With the Electric Mobility Conference of 2019 complete, fellow board members Arno and Heather have finished their Electric Road trip back to Vancouver Island and I have rejoined my family currently residing on the east coast of the United States.
I have been thinking a lot about what I witnessed at this year’s Conference in Quebec City and I think we have a lot of work to do to accelerate change on a national level.
I learned there are forces at work that are trying to slow our progress from not only traditional Auto Manufacturers, but academia, and from the federal government itself.
I am not naive and knew this was present but not to the level I witnessed. It’s human nature is to resist change or embark on a path that might influence our own financial stability. But whether these concerns are justified or not, we seem to want to find a narrative that we can embrace regardless of scientific facts or others clearly demonstrating that there is a path to our goals that can be achieved with minimal disruption.
Despite this resistance to change, I also witnessed some new ideas to help move Canada forward, to work out the problems in front of us and attempt to work with ALL political parties to move us towards a cleaner future.
We, as individuals, have our own unique perspective and ideas. But when you form a group and try to find common ground to move society forward, it inevitably causes a dilution of the ideals that brought you to that group in the first place.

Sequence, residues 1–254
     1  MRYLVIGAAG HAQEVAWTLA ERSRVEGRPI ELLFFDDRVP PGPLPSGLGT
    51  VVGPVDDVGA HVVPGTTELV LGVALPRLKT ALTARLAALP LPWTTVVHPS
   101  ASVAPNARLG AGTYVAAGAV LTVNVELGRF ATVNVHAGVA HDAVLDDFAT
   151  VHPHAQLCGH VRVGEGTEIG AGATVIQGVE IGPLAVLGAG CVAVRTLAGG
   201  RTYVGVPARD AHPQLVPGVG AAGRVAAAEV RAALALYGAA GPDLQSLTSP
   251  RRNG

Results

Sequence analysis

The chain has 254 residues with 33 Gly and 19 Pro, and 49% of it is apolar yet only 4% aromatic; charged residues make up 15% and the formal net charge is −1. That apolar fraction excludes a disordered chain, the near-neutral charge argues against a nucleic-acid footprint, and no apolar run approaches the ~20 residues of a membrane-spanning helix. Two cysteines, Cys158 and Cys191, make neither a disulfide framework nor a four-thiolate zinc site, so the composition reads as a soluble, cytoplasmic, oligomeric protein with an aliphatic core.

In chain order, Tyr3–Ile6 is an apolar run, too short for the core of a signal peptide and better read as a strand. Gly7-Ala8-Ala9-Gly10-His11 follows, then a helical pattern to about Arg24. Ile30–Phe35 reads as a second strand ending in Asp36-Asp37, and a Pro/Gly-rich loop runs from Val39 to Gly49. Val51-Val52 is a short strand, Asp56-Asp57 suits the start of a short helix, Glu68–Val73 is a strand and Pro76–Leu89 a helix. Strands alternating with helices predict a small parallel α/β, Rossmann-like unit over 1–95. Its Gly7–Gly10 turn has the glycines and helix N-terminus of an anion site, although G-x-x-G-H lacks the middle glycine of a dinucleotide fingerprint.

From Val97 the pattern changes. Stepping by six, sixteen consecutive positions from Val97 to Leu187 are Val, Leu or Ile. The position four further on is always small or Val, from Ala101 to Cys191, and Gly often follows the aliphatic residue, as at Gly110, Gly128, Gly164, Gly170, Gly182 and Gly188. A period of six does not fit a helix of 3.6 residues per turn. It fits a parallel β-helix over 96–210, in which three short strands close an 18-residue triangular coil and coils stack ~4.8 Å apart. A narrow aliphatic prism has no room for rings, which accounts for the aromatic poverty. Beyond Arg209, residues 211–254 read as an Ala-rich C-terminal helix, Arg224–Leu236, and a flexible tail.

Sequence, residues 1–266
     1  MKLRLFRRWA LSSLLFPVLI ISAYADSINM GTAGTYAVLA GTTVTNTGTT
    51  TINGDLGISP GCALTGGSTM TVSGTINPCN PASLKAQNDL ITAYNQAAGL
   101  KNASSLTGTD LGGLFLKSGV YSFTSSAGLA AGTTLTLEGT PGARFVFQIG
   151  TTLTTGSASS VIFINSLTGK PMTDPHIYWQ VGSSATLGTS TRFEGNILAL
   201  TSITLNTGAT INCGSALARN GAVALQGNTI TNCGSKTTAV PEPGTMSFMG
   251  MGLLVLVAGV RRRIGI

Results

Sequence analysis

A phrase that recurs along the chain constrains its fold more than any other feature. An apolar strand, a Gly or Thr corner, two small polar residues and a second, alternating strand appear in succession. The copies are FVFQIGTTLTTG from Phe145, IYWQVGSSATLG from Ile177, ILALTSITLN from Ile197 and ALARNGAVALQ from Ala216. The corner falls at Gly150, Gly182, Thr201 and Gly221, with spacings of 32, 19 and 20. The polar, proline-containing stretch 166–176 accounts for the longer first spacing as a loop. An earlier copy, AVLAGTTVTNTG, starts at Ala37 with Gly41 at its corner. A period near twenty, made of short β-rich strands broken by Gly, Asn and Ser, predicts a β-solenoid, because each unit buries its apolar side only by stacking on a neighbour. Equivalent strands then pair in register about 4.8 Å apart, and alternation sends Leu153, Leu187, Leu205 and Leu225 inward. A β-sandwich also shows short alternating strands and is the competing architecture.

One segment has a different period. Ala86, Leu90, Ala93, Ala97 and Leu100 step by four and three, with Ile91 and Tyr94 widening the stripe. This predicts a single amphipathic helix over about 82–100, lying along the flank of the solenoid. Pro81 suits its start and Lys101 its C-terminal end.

We need to stand our ground and hold onto what drives us to want to change and ensure the middle of the road is moved further in the direction needed.
The problem is the further from middle you go — the more “radical” you appear. Given this balance, I think enough voices saying we must move the middle forward allows the radical title to be reduced.
The one thing I clearly noticed at all EMC discussions was how Tesla was “a name that shall not be named”. The EV that starts with a T and ends with 3, despite being the leader in the field of battery technology and EV momentum, was something no one felt comfortable discussing.
In fact, the federal government still views the Model 3 as a “luxury” car and won’t consider it as a government fleet vehicle even though other luxury brands such as Lexus and Cadillac are regularly purchased. So work must be done to remind our political leaders to compare apples to apples and not allow optics to prevent making the right choice as a consumer.
I will continue my work to have our voice heard with other EV leaders across Canada and also work to ensure Tesla can be present at the next conference in Mississauga, Ontario (April 2020) to ensure all perspectives are considered and debated.
Thank you for your ongoing support and desire to accelerate the change. Together, we can change the world.
President, Victoria EV Club